Mugabe vows to 'surrender' if he loses

2013-07-30 16:48

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Harare - Veteran Zimbabwe President Robert Mugabe said on Tuesday he will step down from 33 years in power if he loses Wednesday's knife-edge election.

"If you lose you must surrender," the 89-year-old said at a rare press conference in response to a question about what he would do if he lost.

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Mugabe, through a series of violent and suspect elections, has ruled Zimbabwe for 33 years uninterrupted since it gained independence from Britain.

But he denied any attempts to rig the election, declaring: "We have done no cheating".

He faces a major challenge from Prime Minister Morgan Tsvangirai, his reluctant partner in an uneasy power-sharing government forged after the last bloody polls in 2008.

Although tainted by sex scandals and allegations of party corruption, Tsvangirai has rallied tens of thousands of supporters on to the streets ahead of the vote.

But Mugabe's foes fear the wily old crocodile of Zimbabwean politics will seek to win what is likely his final election by hook or crook.

Few believe the military - which remains squarely behind the independence hero - would recognise a Tsvangirai victory.

Non-searchable roll

Tsvangirai's Movement for Democratic Change on Tuesday handed what they claimed was documentary evidence of plans to rig the election to observers from the Southern African Development Community (SADC).

The dossier, which was seen but not verified by AFP, listed around 125 duplicate or questionable voters gleaned from a first examination of the electoral roll.

The MDC said it had received a copy of the roll less than 24 hours before polling stations open, and only in printed - non-searchable - form.

"It is very clear to us there are shenanigans to try and rig this election, to try and interfere with the outcome of this election and to subvert the will of the people of this country," junior minister Jameson Timba told AFP.

"We have seen a lot of duplicate names in the roll where you see somebody is registered twice, same date of birth, same physical address but with a slight difference in their ID number," Timba said, adding this had occurred across various constituencies.

Zimbabwe Electoral Commission officials were not available to respond to the allegations.

However, an SADC observer, who spoke on condition of anonymity because he was not authorised to speak to the press, said the MDC dossier raised serious questions.

"It's not normal. If the roll had been released two weeks ago, these kind of problems would have been fixed."

Among sceptics, the dossier will only serve to confirm long-standing suspicions that the chaotic state of the voters' roll could be used to mask any low turnout by Mugabe's supporters.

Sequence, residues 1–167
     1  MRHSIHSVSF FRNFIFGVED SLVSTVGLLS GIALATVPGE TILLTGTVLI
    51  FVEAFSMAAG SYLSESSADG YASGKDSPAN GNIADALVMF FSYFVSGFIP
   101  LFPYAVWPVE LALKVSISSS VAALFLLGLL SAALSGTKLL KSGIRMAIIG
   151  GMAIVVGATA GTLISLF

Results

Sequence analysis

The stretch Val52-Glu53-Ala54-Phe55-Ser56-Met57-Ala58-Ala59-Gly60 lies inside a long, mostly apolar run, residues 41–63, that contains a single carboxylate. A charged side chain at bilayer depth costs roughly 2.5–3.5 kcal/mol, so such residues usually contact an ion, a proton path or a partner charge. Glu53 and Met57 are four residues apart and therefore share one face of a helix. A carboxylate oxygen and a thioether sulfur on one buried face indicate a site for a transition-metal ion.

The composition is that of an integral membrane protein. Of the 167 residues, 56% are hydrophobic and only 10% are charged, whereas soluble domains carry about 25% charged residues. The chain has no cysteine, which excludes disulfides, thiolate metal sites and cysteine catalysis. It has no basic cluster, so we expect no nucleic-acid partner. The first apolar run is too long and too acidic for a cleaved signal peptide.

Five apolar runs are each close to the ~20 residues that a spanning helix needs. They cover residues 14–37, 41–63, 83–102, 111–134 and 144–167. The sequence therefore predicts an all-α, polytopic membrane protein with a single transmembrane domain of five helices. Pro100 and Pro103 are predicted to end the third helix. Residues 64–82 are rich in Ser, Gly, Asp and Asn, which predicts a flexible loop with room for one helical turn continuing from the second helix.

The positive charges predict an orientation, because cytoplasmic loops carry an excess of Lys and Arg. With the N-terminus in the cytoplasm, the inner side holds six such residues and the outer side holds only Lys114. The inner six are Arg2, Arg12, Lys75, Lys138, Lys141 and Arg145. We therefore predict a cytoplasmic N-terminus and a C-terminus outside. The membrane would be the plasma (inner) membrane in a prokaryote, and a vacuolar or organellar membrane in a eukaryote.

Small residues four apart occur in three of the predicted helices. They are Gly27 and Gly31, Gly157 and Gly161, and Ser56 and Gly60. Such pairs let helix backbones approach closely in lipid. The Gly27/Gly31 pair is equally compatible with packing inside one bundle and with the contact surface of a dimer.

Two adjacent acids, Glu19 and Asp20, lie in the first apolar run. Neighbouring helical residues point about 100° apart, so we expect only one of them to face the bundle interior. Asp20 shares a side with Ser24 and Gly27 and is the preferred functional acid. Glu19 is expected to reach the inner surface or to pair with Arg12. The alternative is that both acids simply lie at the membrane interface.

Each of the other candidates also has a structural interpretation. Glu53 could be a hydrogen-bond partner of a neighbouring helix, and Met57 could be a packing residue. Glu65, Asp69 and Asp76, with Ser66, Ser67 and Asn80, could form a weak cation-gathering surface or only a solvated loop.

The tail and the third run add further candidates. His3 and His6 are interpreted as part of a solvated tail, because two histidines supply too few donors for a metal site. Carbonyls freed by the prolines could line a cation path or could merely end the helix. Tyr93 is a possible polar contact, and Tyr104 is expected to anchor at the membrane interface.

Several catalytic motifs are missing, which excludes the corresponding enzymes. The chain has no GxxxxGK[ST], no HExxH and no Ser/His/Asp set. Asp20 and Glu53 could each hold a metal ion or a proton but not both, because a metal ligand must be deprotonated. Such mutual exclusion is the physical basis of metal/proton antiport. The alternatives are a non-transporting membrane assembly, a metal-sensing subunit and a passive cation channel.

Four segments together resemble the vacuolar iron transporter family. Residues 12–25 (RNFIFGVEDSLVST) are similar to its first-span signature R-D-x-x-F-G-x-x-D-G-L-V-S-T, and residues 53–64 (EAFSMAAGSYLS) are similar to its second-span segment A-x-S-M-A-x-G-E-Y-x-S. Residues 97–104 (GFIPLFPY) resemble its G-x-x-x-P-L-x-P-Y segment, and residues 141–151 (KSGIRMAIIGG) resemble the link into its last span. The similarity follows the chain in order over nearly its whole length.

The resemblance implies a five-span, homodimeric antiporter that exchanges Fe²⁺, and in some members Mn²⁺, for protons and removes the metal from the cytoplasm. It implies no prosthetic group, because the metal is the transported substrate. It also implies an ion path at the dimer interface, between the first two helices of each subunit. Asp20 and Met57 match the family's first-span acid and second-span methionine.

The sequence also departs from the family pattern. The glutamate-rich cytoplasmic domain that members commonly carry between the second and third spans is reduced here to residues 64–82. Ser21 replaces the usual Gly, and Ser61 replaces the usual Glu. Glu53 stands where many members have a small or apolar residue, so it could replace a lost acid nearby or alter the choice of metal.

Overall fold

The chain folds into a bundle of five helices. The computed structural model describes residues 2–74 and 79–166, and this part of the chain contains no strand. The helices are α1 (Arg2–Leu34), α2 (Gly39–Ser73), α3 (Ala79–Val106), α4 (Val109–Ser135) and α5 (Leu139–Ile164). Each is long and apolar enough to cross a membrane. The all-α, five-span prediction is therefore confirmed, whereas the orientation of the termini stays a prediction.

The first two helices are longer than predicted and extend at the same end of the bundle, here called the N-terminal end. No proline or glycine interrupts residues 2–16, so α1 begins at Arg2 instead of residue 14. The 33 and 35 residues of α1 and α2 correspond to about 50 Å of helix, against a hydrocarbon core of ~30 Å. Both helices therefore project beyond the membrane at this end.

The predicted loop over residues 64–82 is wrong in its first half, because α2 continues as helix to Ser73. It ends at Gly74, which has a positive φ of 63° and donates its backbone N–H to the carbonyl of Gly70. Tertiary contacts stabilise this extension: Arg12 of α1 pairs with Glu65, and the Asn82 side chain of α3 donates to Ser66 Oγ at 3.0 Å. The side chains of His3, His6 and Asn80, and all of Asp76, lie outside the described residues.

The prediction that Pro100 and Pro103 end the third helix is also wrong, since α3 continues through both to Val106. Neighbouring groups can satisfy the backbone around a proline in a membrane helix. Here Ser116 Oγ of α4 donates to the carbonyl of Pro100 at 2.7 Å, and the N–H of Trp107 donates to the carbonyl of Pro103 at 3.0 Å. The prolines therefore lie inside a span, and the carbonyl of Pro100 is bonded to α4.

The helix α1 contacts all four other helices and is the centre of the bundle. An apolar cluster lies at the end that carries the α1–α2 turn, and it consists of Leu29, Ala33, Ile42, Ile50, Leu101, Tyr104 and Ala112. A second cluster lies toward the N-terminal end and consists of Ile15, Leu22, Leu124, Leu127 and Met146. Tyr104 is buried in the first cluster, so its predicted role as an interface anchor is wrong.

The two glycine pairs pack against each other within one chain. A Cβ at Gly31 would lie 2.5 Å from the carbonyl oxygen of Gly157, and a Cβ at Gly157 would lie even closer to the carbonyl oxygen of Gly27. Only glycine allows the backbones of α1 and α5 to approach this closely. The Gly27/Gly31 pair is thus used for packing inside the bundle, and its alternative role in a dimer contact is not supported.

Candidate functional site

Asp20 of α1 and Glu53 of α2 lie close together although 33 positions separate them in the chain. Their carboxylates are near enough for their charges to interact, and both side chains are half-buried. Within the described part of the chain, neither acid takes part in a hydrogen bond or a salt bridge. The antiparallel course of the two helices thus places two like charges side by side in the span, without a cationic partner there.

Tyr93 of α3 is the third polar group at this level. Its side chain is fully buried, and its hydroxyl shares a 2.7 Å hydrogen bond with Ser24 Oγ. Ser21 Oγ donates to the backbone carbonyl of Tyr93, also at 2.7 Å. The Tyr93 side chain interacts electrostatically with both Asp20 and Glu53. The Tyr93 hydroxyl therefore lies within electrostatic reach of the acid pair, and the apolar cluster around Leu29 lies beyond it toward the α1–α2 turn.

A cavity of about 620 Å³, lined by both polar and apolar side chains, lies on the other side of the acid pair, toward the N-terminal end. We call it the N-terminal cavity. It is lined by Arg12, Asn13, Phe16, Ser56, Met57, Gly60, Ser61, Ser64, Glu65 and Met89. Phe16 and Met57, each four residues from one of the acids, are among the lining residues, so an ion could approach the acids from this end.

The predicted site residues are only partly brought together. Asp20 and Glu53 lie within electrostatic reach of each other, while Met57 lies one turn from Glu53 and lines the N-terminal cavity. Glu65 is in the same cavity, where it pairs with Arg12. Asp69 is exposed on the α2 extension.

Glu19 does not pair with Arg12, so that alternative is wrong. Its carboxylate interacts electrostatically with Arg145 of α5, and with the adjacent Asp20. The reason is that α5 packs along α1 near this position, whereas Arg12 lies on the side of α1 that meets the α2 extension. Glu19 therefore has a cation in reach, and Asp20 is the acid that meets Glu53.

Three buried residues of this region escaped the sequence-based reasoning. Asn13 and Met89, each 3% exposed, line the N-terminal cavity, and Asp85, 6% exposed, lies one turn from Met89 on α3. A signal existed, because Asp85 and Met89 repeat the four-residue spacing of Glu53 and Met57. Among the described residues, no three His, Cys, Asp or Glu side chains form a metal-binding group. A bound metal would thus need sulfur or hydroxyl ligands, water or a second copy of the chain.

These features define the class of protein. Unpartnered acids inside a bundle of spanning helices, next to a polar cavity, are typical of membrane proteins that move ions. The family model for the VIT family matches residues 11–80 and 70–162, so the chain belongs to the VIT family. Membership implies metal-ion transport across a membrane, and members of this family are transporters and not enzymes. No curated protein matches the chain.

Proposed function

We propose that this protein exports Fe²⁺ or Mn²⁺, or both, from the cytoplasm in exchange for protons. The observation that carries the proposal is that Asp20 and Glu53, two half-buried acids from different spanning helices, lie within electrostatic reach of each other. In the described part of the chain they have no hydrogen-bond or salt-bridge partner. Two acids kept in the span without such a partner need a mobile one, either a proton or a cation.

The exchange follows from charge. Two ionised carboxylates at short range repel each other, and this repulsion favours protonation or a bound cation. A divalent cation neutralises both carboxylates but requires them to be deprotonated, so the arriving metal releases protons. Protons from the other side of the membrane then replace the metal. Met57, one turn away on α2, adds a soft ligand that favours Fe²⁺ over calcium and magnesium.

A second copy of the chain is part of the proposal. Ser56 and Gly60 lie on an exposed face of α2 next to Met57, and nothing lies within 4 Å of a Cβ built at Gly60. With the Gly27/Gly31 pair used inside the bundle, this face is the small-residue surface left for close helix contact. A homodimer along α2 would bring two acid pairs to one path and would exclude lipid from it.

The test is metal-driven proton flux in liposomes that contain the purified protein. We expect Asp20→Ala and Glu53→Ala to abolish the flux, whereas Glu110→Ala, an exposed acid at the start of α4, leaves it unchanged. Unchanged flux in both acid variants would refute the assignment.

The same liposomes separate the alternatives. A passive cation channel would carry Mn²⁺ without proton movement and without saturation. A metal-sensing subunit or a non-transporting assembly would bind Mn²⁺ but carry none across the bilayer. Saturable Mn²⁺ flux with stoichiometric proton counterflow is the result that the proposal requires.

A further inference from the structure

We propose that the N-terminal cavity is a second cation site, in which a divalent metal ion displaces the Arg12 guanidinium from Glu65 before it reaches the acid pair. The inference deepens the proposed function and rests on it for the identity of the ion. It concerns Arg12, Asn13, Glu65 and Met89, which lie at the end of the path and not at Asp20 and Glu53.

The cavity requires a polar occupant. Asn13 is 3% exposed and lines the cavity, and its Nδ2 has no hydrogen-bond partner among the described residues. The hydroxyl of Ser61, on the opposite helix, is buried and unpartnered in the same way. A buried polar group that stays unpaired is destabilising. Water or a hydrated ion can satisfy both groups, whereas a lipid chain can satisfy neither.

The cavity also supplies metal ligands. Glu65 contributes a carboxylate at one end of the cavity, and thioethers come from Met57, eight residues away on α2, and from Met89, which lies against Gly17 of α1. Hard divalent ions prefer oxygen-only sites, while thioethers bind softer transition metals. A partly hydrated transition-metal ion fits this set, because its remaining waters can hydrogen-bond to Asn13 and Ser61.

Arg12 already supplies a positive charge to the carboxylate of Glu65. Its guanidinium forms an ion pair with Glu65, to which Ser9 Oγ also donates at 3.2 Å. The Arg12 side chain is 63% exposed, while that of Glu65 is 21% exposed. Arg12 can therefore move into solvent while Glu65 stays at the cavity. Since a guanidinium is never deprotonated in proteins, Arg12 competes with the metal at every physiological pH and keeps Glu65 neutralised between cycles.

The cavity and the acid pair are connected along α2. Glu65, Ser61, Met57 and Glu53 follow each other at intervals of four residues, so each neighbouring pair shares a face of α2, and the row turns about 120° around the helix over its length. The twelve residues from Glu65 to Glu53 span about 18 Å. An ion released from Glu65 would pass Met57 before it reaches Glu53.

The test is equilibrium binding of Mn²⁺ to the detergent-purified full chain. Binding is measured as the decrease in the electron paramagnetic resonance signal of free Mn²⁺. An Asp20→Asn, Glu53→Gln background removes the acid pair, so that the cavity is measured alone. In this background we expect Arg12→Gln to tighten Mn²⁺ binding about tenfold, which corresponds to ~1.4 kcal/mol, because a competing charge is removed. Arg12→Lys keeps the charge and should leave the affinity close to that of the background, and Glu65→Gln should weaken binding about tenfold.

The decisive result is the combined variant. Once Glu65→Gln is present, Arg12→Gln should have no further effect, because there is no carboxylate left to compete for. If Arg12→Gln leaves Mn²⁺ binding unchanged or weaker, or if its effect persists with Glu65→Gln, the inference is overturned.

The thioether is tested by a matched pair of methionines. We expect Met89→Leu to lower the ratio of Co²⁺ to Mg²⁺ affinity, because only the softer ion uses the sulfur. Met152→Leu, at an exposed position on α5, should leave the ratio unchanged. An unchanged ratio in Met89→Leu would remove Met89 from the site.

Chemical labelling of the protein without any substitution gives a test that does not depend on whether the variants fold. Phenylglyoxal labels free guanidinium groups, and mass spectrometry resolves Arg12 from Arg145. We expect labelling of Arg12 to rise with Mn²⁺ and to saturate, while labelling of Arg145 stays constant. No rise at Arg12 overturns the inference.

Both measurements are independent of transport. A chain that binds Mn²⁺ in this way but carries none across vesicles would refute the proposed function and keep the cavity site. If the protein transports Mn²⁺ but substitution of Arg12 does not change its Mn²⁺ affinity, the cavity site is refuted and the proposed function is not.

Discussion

In June, the Research and Advocacy Unit, a non-government group, reported that the roll included one million dead voters or people who have emigrated, as well as over 100 000 people aged over 100 years old.

Around 6.4 million people are eligible vote in Wednesday's first round and results are expected within five days.

Credible opinion polls are rare, but according to one survey by the US-based Williams firm in March-April, Mugabe could be in for a rough ride.

Out of a survey of 800 Zimbabweans, 61% said they had a favourable view the MDC compared to 27% for Mugabe's Zanu-PF.

The poll showed Tsvangirai leading in seven out of 10 provinces and that only 34 percent of those who voted for Mugabe in 2008 back him for president this time around.

Amid recovery from an economic crisis that saw mass unemployment and some of the highest rates of inflation ever recorded, Mugabe loyalists insist their hero is "tried and tested".

"We have won already. It's a walkover," said Zanu-PF supporter Jestara Mziwanda.

At a final campaign rally Sunday, Mugabe promised further indigenisation of white and foreign-owned assets.

He has also painted his rival as a foreign stooge and warned Zimbabweans against change, citing the fallout after uprisings in Egypt and Libya.

"See what is happening in Egypt. They were fooled and advised to remove their leaders."

On Monday, Tsvangirai drew a vast crowd who directed a chant of "game over" at Mugabe.

He has promised to create one million jobs and has used Mugabe's advanced age as campaign fodder, saying: "How can you let an old man push a plough when there are young people around.

"I want Mugabe to enjoy his retirement in peace and quiet," hinting that Mugabe may be granted immunity if he relinquishes power.

But with the backing of state media, the military and control of most other levers of power, Mugabe remains odds-on favourite.

"Many expect a Mugabe victory, because 'Zanu doesn't lose elections'," said the International Crisis Group.

"Conditions for a free and fair vote do not exist," it said. "A return to protracted political crisis, and possibly extensive violence, is likely."

Read more on:    robert mugabe  |  zimbabwe  |  zimbabwe elections 2013  |  southern africa

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